Thursday, March 20, 2008

Obama’s Church Fires Back

Obama’s Church Fires Back
Sunday, March 16, 2008

The Chicago church attended by Barack Obama is fighting back against media coverage of its controversial pastor, issuing a statement on Sunday, saying reports on the inflammatory remarks by Rev. Jeremiah Wright are an attempt to attack “the history of the African American church.”

“Reverend Dr. Jeremiah A. Wright Jr.’s character is being assassinated in the public sphere because he has preached a social gospel on behalf of oppressed women, children and men in America and around the globe,” the leaders of Trinity United Church of Christ wrote Sunday in a statement distributed to the media.

Claiming that Wright’s 36 years as pastor of the church — the largest United Church of Christ congregation, with 8,000 members — is being demeaned, Rev. John H. Thomas, UCC general minister and president, said, “It saddens me to see news stories reporting such a caricature of a congregation that has been such a blessing to the UCC’s Wider Church mission … It’s time for us to say ‘No’ to these attacks and declare that we will not allow anyone to undermine or destroy the ministries of any of our congregations in order to serve their own narrow political or ideological ends.”

Neither Wright nor Obama was present at the church on Sunday, but all of talk news has been on the subject of the pastor, whose many sermons have been captured on video and replayed across television and the Internet over the past few weeks.

Some of the more flamboyant sermons have included statements saying that the U.S. created the AIDS virus to kill African Americans and that the United States was asking for the Sept. 11, 2001, terror attacks because it had supported “state-sponsored terrorism” against black South Africans and Palestinian

Obama’s campaign has tried to distance the candidate from his Wright, the man who coined the phrase “the audacity of hope” that became the title of Obama’s bestselling book.

Speaking in a conference call on Sunday, Obama’s advisers acknowledged that the pastor was supposed to appear at the announcement of Obama’s presidential campaign last year, but was cut from the program in part because they knew he was controversial and didn’t want him to become a target or distraction, both of which he nows appears to be.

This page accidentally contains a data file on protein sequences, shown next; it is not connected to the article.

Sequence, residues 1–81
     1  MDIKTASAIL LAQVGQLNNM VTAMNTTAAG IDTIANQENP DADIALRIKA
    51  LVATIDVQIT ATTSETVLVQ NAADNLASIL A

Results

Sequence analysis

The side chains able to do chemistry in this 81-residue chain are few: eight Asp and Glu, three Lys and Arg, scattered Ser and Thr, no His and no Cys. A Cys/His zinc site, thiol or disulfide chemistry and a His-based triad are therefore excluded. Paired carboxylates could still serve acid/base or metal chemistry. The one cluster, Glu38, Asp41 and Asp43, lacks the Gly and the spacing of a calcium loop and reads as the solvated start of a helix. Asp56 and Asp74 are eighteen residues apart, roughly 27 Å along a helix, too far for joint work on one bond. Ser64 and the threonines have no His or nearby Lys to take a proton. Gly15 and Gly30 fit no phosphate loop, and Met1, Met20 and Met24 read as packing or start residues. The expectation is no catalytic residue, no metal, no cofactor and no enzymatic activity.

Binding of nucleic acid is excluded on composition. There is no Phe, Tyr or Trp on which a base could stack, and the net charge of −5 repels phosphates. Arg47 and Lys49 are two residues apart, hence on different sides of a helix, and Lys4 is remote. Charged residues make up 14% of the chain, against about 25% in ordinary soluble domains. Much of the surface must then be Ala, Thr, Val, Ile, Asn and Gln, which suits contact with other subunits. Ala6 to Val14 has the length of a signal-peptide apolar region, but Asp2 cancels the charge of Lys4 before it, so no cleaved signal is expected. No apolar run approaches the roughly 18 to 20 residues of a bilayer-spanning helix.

But even as attention is focused on Obama, Hillary Clinton’s supporters have refrained from pouncing on the opportunity to link Obama to his 20-year-long spiritual adviser.

“I mean, as you know, I prefer Senator Clinton for a whole lot of reasons, but I don’t cast aspersions on Senator Obama for what somebody else said,” Sen. Chuck Schumer, D-N.Y., told “FOX News Sunday.”

Calling Trinity’s social justice and outreach programs “inclusive and global” Moss added that not much has changed since the era of Martin Luther King’s sermons for equality. He claimed that African American churches, “born out of the crucible of slavery and the legacy of prophetic African American preachers since slavery” continue to treat marginalized victims of social and economic injustices in the face of prejudice.

“This is an attack on the legacy of the African American Church which led and continues to lead the fight for human rights in America and around the world,” he said, adding “The African American Church community continues to face bomb threats, death threats, and their ministers’ characters are assassinated because they teach and preach prophetic social concerns for social justice. Sunday is still the most segregated hour in America.”

1 comment:

Anonymous said...


Slowly, United Church of Christ President John Thomas is realizing that he was just plain wrong on Jeremiah Wright. From Fox 8 News in Cleveland:

The UCC General Minister and President, Rev. John Thomas says some members found language Wright used, as highlighted in recent news accounts -- disturbing. But in context, Thomas says Wright was "very much in the tradition of biblical prophets challenging the nation to greater faithfulness."

He says it's not up to a central administration to censure the pastor but totally up to a pastor's individual congregation if members feel it's warranted. A regional church body comprised of ministers and lay activists can become involved in cases of misconduct or illegal activities.

The word "some" should be "most". Except for the die hard UCC cheerleaders, it's tough to find someone that will stand by Wright's comments. Conference Ministers across the UCC compounded the problem by scrambling to get the talking points out to local ministers so they would be prepared for questions about Wright this past Sunday. At least "some" saw through the spin.

It is a little surprising that Thomas would fall back on denominational polity to try and keep his hands clean of Wright, especially after his strong words of support just a few days ago. As I mentioned last week, Thomas has not had a problem chastizing other churches in the UCC that haven't marched in step with the national office.

It's quite possible that Thomas is realizing that the folks in the pews are finally taking notice to what our national leaders are doing and saying. With an ego the size of Ohio and an arrogance to match, Thomas likes to paint himself as both prophet and martyr. Genuine prophets and martyrs usually don't claim such status for themselves, it is placed on them by their followers. In the last couple of weeks, Thomas has proved to the members of the UCC and the public that he is neither... and no amount of talking points will fix that.